Moors murderer Ian Brady’s letter removed from online sale
The document penned by the child killer was reportedly offered for sale for £310 shortly after his death on Monday.
A letter written by Moors murderer Ian Brady from behind bars has been removed from sale by online auction site eBay.
The document penned by the child killer was reportedly offered for sale for £310 shortly after his death on Monday aged 79.
The Times reported the letter gave an insight into Brady’s racist views, saying “the only US blacks who become successful in something other than drug pushing, are halfcastes, trying to look whiter than white – the Jackson syndrome”.
EBay confirmed to the Press Association the item – sent to a man in Australia in 2008 – was removed from sale. A spokesman said: “eBay does not allow the sale of items that cause offence, or relate to high-profile criminals, and we’ll remove any listings that fit that description.”
Brady and Myra Hindley were jailed for life for the killings of John Kilbride, 12, 10-year-old Lesley Ann Downey and Edward Evans, 17. They went on to admit the murders of Pauline Reade, 16, and 12-year-old Keith Bennett. Hindley died in jail aged 60 in November 2002.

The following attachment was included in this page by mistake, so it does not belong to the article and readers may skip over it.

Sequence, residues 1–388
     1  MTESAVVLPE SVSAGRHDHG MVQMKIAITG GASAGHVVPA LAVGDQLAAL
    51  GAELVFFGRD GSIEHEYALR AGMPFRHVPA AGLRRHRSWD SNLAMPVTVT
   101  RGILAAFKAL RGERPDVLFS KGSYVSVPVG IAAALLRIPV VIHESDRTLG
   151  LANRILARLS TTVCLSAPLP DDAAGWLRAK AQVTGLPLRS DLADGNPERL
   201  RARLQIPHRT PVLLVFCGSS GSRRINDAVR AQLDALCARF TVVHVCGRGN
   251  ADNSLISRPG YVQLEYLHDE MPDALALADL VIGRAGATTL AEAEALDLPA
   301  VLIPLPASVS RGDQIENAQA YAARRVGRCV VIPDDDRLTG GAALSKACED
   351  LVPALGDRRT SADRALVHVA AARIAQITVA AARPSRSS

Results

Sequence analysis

Glasgow-born Brady had been held at Ashworth High Secure Hospital in Merseyside since 1985 and his body – which has been under police guard – will be released to his lawyer on Thursday. The 79-year-old had been looked after by a palliative care team for two weeks before his death.
When he opened the inquest on Tuesday, senior coroner for Sefton Christopher Sumner asked for assurances Brady’s ashes would not be scattered on Saddleworth Moor, where four of Brady and Myra Hindley’s child victims were buried. Mr Makin, the executor of Brady’s will, said there was “no likelihood” of the ashes being scattered there.
At Wednesday’s hearing, coroner’s officer Alby Howard-Murphy said: “I spoke to Mr Makin this afternoon regarding the hearing yesterday and he was unhappy with the comments that were made in court yesterday and suggested that there is no likelihood that the ashes would be spread on Saddleworth Moor.”
Michael Armstrong, representing Merseyside Police, said there were no suggestions Mr Makin had made any funeral arrangements for Brady within the Sefton area.
The inquest was told Brady’s cause of death was cor pulmonale, a form of heart failure, secondary to bronchopneumonia and chronic obstructive pulmonary disease, or lung disease. A full hearing is expected be held on June 29.
In 2013 Brady asked to be moved to a Scottish prison so he could not be force fed, as he could be in hospital, and where he could be allowed to die if he wished. His request was rejected after Ashworth medical experts said he had chronic mental illness and needed continued care in hospital.
In February, he was refused permission to launch a High Court fight to have the lawyer of his choice representing him at a tribunal where the decision would be reviewed.